Wednesday, February 3, 2010

Wednesday Night in Soho: John Callahan and Adam Bradley, Editors of Ralph Ellison's "Three Days Before the Shooting ..." at McNally Jackson Bookstore

This evening the W train got us to Prince Street and to the great McNally Jackson boostore, where we got to hear the editors of the long-anticipated, never-completed fictional epic that is Ralph Ellison's Three Days Before the Shooting...: The Unfinished Second Novel.

Ellison's masterpiece, of course, is Invisible Man,

a book we re-read with great pleasure just a few months ago when we taught it in our Cold War Literature class at City College of New York.

Often considered the most important American novel of the last sixty years, Invisible Man seemed even more stunning in its brilliance last October than when the book took our breath away when we first read it, for Prof. Jack Kitch's Contemporary American Literature class at Brooklyn College in the fall of 1972. Thirty-seven years later, it was exciting to see the reactions of our students who were reading the book for the first time.

And it was kind of amazing to teach it in Harlem, where so much of the book's action is set, and near where Ellison lived and where he is buried. We made pilgrimages to the Ralph Ellison Memorial - a sculpture homage to his novel's protagonist - up around West 150th Street in Riverside Park,

close to the riverfront apartment where Ralph and Fanny Ellison made their home for many years

and to Ellison's final resting place at Trinity Church Cemetery a little further north in Washington Heights.

The year after we first read Invisible Man, the next Ellison work we read was in Ted Solotaroff's seminal paperback magazine American Review, issue 16: "Cadillac Flambé," an excerpt from the author's forthcoming second novel, whose publication we looked forward to.

Of course, Ellison died more than twenty years later without ever completing his second novel. The story of that unfinished book is famous and often inaccurately told. Most people know that in 1999, John Callahan, Ellison's friend and literary executor, brought out Juneteenth, a version of the novel many people (including the one student in our class who'd gotten through it) felt was unsatisfying.

The problem was, as explained by Callahan and his co-editor and former undergraduate student and reseach assistant Adam Bradley, Ellison had left behind "a series of related narrative fragments, several of which extend to over 300 manuscript pages in length, that appear to cohere without truly completing one another." The work comprised 27 boxes of archived material in the Library of Congress, thousands of manuscript pages and 469 computer files on 84 disks.

An article by Clint Talbott at the University of Colorado-Boulder e-Newsletter gives the basics:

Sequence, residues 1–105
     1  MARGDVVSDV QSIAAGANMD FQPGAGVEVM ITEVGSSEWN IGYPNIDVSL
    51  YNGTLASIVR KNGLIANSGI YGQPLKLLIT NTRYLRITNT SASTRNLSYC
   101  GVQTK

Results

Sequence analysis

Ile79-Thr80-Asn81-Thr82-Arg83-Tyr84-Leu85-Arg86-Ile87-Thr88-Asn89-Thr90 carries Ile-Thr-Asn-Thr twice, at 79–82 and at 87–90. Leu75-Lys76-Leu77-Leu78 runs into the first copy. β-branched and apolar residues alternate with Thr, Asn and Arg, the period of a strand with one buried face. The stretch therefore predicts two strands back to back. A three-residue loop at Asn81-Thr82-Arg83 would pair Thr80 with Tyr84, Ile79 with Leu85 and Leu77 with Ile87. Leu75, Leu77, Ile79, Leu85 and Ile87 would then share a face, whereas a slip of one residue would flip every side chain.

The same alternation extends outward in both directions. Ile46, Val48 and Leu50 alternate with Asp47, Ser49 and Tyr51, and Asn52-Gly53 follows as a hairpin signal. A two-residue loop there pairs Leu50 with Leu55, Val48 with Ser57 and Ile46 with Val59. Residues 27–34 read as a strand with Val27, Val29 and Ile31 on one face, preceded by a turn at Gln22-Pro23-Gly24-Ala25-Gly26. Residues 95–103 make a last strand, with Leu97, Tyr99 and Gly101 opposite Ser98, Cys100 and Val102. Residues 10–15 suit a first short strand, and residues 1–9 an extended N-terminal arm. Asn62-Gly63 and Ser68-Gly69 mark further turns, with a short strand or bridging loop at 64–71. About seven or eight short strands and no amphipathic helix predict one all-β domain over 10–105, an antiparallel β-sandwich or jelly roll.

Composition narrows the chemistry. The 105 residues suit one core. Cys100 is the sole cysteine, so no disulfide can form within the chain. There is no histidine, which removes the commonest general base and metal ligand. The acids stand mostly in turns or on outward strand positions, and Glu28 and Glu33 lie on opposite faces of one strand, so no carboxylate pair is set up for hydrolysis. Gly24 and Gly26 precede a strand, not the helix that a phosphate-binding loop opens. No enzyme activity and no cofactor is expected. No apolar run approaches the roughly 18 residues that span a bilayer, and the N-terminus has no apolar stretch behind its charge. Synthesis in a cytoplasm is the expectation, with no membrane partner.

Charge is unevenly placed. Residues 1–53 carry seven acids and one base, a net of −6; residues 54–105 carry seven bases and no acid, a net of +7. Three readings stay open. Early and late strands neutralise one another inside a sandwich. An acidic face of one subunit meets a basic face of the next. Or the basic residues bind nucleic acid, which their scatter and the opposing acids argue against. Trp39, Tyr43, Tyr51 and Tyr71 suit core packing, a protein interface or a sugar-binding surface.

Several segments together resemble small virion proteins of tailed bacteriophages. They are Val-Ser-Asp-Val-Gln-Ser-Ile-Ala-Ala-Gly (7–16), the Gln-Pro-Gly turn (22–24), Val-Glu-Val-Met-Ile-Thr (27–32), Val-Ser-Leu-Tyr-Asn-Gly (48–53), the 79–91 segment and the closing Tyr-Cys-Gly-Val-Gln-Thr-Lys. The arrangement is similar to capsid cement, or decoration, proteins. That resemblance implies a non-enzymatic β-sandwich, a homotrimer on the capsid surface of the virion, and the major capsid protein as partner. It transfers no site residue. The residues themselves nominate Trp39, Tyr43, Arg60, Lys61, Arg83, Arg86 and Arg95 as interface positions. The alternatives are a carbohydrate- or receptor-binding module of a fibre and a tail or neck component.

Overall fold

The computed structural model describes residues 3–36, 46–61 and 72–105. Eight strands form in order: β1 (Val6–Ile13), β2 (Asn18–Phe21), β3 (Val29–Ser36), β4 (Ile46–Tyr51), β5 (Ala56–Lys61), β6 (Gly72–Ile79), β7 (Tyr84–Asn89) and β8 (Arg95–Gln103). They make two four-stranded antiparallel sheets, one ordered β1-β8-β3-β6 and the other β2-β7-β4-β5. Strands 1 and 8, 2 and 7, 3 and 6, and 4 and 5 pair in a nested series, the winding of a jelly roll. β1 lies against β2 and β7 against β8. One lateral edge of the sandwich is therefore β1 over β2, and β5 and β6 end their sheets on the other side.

Ellison’s second novel dwells on paternity, race and the democratic promise of America. The senator is assassinated by a black man who, it turns out, is the senator’s son. The senator’s surrogate father, who is black, tries in vain to save the senator...

A 2007 Washington Post story notes that Callahan was mystified by the fact that Ellison had written scenes to “near perfection” in the ‘50s and ‘60s but revised them extensively a quarter-century later on the computer.

Bradley, reared in the digital age, deduced that Ellison became transfixed by the computer’s power to move paragraphs, insert words, delete whole sections. Ellison was a technophile, and, "the shifting and shaping of his second novel became a new kind of mania," the Post observed.

There may have been a method in the maddening array of rewritten episodes, fragments, character and plot outlines made by hand, on typewriter and finally on computer. But the author’s ultimate aim was unknown. Ellison left no instructions on what should be done with his work.

This was a gargantuan literary jigsaw puzzle composed of sometimes-ill-fitting bits and bytes.

Ellison composed episodically—crafting scenes one after another and often rewriting entire episodes, sometimes with different endings or from different perspectives. Later, he would stitch episodes together. The novel includes sections not yet fused that approach a conclusion not yet settled.

The promotional material says Three Days Before the Shooting...
gathers together in one volume, for the first time, all the parts of that planned opus, including three major sequences never before published. Set in the frame of a deathbed vigil, the story is a gripping multigenerational saga centered on the assassination of the controversial, race-baiting U.S. senator Adam Sunraider, who’s being tended to by “Daddy” Hickman, the elderly black jazz musician turned preacher who raised the orphan Sunraider as a light-skinned black in rural Georgia. Presented in their unexpurgated, provisional state, the narrative sequences form a deeply poetic, moving, and profoundly entertaining book, brimming with humor and tension, composed in Ellison’s magical jazz-inspired prose style and marked by his incomparable ear for vernacular speech.

Beyond its richly compelling narratives, Three Days Before the Shooting . . . is perhaps most notable for its extraordinary insight into the creative process of one of this country’s greatest writers. In various stages of composition and revision, its typescripts and computer files testify to Ellison’s achievement and struggle with his material from the mid-1950s until his death forty years later. Three Days Before the Shooting . . . is an essential, fascinating piece of Ralph Ellison’s legacy, and its publication is to be welcomed as a major event for American arts and letters.

After doing some shopping and saying hi to Dustin Kurtz, McNally Jackson's events coordinator, who must have a really good memory because he remembered us from our reading in the store last August, we got a front-row seat in the audience. C-SPAN's BookTV cameras were there.